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Welsh Assembly opens inquiry into alternative income for the arts

Wales Millennium Centre. Photo: Phil Boorman
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The Welsh Assembly has launched an inquiry to investigate how the arts sector in Wales can increase non-public funding.

Currently, £31.2 million of the £31.7 million allocated for the arts in the devolved government’s 2017-18 budget will go to the Arts Council of Wales.

This is a 3.5% increase compared to 2016-17. However the Culture, Welsh Language and Communications Committee, which is in charge of the inquiry, has urged the Arts Council to look at ways it can help arts organisations increase self-generated income.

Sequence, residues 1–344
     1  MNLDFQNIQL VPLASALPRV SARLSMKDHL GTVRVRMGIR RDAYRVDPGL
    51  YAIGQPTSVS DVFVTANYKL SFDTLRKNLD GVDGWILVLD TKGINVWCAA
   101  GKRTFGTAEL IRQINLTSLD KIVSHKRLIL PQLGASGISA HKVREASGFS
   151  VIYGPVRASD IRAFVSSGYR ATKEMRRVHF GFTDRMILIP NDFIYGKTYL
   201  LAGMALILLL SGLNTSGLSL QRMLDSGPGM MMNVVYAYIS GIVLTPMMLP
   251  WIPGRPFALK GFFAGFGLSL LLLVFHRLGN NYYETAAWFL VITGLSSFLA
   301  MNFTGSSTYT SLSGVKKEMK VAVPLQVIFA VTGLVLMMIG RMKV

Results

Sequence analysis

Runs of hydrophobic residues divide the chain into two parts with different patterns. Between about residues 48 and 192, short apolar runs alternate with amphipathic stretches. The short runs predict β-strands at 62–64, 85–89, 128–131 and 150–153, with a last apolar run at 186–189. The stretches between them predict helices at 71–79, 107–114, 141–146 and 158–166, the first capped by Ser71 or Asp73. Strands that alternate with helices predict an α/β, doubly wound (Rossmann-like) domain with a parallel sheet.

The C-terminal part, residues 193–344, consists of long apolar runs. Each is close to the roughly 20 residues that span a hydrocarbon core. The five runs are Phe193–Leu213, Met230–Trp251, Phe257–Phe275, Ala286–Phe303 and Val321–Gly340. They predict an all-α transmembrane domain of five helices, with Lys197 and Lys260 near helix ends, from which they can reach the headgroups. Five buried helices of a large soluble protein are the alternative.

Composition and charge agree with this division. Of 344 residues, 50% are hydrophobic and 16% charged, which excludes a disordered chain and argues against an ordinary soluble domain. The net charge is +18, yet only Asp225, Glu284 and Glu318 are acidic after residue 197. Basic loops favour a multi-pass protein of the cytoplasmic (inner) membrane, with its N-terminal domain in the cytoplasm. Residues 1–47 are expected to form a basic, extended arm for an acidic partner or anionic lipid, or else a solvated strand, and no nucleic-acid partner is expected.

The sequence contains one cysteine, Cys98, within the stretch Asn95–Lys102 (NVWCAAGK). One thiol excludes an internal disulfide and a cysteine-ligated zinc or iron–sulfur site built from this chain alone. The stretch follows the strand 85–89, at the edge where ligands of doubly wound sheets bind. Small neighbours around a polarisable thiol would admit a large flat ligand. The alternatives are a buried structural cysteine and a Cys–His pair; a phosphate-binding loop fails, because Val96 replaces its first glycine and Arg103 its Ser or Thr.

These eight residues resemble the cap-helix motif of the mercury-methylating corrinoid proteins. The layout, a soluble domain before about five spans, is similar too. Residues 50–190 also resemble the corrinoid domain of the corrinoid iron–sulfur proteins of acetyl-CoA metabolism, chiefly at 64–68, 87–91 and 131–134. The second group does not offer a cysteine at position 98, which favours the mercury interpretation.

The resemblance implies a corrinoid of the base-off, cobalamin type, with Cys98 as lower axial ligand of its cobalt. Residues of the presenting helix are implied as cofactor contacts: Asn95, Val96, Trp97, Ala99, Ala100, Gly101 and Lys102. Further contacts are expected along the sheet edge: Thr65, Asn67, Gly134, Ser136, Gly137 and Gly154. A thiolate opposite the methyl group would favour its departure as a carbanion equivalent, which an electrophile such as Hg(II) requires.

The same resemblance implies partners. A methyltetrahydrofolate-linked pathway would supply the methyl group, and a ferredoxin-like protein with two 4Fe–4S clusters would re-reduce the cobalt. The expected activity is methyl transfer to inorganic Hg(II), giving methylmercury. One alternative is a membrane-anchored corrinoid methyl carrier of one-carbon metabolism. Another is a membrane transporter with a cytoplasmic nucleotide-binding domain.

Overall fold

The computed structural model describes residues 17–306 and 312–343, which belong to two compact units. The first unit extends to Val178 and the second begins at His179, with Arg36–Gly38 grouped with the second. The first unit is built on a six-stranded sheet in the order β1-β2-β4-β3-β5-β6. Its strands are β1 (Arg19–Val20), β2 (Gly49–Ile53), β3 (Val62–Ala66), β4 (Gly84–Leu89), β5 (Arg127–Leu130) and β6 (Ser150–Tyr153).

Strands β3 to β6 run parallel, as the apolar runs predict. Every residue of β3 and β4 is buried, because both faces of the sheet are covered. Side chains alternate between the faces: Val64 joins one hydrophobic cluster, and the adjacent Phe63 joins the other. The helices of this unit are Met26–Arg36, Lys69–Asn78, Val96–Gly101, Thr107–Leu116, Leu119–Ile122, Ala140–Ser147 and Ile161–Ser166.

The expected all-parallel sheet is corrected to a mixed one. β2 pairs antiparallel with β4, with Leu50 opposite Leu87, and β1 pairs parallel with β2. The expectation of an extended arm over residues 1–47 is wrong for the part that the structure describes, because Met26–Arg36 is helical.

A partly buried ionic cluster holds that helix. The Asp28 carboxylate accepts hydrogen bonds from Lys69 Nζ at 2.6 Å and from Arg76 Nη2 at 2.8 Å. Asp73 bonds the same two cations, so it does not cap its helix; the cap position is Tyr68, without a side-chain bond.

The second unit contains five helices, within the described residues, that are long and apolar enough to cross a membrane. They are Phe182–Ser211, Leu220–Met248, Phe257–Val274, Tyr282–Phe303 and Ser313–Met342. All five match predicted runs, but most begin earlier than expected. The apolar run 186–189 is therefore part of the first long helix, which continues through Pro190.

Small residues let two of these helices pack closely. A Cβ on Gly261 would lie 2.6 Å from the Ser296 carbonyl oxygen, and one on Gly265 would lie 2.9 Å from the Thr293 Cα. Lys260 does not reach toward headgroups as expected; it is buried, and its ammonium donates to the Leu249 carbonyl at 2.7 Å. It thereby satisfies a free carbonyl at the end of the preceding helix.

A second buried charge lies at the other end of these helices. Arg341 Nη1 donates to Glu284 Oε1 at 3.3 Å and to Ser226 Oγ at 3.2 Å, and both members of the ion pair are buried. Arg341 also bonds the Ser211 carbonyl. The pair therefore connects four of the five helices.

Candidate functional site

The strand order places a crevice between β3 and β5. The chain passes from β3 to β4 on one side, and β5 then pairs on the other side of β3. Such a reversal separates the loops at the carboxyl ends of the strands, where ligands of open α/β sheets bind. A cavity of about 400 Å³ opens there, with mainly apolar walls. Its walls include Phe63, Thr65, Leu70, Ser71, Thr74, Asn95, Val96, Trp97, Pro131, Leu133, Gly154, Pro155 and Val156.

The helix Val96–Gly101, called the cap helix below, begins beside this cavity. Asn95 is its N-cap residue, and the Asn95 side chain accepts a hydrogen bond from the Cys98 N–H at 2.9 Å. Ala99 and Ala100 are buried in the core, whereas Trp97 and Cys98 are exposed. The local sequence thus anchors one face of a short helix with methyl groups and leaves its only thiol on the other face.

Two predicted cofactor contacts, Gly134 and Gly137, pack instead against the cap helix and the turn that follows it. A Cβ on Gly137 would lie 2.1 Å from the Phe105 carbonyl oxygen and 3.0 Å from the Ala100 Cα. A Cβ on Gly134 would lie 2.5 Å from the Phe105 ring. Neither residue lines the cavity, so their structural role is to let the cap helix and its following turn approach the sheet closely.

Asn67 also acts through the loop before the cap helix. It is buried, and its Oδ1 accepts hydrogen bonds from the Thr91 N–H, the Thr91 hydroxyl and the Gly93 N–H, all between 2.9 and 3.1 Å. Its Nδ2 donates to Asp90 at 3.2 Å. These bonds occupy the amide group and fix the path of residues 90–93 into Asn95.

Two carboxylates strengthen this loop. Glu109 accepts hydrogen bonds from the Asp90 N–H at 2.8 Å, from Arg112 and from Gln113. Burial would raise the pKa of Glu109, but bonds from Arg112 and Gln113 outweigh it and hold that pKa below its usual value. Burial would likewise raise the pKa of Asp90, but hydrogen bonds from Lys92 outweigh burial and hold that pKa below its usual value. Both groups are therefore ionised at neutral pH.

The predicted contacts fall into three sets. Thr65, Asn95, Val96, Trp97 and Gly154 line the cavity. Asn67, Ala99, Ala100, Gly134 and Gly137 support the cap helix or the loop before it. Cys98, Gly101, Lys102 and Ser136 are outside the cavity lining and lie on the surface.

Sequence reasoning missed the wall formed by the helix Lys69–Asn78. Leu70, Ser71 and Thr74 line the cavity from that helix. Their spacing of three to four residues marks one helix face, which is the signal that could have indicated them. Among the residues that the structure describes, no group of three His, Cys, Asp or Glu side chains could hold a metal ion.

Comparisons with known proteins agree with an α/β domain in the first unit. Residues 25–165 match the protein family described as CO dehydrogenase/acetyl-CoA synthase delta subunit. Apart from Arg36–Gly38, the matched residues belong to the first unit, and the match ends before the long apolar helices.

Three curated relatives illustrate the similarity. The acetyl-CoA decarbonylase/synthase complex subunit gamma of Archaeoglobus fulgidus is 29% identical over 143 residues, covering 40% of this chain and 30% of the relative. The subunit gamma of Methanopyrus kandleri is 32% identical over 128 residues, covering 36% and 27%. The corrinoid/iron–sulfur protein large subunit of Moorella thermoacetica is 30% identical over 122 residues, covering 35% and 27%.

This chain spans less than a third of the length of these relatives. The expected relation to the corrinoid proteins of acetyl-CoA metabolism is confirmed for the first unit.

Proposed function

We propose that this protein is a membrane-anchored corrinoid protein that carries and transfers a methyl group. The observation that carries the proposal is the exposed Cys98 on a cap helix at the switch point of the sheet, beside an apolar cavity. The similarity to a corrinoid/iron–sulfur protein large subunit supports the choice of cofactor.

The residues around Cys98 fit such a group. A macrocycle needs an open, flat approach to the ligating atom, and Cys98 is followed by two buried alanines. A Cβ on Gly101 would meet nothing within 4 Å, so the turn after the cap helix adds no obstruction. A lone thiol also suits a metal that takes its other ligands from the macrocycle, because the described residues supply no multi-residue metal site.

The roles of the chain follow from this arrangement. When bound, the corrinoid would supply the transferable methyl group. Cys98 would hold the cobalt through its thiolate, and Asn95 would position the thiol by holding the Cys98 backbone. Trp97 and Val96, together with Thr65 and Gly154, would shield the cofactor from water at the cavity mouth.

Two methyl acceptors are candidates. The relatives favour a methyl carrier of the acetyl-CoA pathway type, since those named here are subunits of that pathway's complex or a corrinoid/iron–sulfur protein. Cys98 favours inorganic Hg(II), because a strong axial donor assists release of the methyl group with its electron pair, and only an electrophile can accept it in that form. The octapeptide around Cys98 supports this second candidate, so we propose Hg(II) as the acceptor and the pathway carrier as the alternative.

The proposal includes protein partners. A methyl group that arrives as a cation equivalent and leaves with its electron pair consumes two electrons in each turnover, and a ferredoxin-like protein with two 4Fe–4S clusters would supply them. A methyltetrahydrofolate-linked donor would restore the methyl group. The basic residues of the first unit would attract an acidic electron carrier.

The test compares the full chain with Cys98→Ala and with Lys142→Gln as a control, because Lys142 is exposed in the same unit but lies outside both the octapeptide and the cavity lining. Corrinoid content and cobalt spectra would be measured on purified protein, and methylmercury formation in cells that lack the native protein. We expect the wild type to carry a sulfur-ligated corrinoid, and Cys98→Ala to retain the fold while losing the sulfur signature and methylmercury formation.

There are three strands to the inquiry: how effective the efforts to increase non-public funding have been, covering earned income, philanthropy and investment; how the level of non-public funding in Wales compares to the rest of the UK; and an exploration of innovative approaches to raising funds across the world.

The committee will hold oral evidence sessions featuring a range of arts experts, and it expects to publish a report later this year or in early 2018.

Wales Millennium Centre in Cardiff received more than £3 million from the Arts Council of Wales in 2016-17, while National Theatre Wales and Theatr Clwyd each received more than £1.5 million.

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